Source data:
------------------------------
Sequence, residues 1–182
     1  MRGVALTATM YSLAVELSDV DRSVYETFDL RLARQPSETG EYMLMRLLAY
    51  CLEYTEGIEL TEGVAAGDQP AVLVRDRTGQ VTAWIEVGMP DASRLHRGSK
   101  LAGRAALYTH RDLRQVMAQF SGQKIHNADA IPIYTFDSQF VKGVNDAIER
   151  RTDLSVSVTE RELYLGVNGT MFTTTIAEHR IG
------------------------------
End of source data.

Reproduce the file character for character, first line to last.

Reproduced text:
Sequence, residues 1–182
     1  MRGVALTATM YSLAVELSDV DRSVYETFDL RLARQPSETG EYMLMRLLAY
    51  CLEYTEGIEL TEGVAAGDQP AVLVRDRTGQ VTAWIEVGMP DASRLHRGSK
   101  LAGRAALYTH RDLRQVMAQF SGQKIHNADA IPIYTFDSQF VKGVNDAIER
   151  RTDLSVSVTE RELYLGVNGT MFTTTIAEHR IG